Much like light in the real world, most of the energy provided by an environment light source is concentrated in the directions toward bright light sources. Therefore, it makes sense to bias selection of sampled directions towards the directions for which incoming radiance is the greatest. In this final task you will implement an importance sampling scheme for environment lights. For environment lights with large variation in incoming light intensities, good importance sampling will significantly improve the quality of renderings.

The basic idea is that you will assign a probability to each pixel in the environment map based on the total flux passing through the solid angle it represents. We've written up a detailed set of notes for you here (see "Task 7 notes").

Here are a few tips:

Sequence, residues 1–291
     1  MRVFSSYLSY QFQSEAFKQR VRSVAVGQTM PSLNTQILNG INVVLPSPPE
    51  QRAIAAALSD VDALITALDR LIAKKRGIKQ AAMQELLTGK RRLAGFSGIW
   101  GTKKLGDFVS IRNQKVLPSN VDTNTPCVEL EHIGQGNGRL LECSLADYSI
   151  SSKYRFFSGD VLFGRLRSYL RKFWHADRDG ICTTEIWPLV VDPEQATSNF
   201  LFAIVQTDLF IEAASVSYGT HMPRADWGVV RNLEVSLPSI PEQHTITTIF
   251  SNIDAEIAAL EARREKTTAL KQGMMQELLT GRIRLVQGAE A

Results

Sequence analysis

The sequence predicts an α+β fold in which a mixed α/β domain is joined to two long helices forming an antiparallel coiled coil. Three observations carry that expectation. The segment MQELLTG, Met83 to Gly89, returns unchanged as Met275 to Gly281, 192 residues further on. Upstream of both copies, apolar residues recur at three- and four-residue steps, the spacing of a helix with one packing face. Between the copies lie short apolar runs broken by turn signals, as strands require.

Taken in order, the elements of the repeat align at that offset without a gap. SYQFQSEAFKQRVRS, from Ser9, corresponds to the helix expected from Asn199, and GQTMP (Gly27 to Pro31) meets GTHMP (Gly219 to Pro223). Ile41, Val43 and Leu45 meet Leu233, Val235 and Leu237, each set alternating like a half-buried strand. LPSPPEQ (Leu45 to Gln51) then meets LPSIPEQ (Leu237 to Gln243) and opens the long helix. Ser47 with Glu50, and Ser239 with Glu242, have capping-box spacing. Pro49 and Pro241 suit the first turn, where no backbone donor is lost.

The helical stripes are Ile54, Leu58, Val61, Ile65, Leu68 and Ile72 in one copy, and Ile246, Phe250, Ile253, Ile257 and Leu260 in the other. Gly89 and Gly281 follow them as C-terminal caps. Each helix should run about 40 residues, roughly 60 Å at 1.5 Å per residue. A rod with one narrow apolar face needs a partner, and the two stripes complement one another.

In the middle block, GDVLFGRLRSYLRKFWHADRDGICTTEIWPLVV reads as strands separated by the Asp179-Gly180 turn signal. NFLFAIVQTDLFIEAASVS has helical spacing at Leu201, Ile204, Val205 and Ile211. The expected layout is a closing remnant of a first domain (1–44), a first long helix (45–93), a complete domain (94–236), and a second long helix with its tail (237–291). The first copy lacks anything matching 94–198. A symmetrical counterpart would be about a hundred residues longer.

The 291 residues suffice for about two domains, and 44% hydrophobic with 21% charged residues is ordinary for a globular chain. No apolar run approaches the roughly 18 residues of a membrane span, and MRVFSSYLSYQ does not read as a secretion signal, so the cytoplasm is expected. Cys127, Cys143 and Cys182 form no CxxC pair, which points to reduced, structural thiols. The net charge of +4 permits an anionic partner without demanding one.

Your code must run on the GHC 5xxxx cluster machines as we will grade on those machines. Do not wait until the submission deadline to test your code on the cluster machines. Keep in mind that there is no perfect way to run on arbitrary platforms. If you experience trouble building on your computer, while the staff may be able to help, but the GHC 5xxx machines will always work and we recommend you work on them.

The assignment consists of a total of 100 pts. The point breakdown is as follows:

Handin Instructions

Your handin directory is on AFS under:

/afs/cs/academic/class/15462-s16-users/ANDREWID/asst3/, or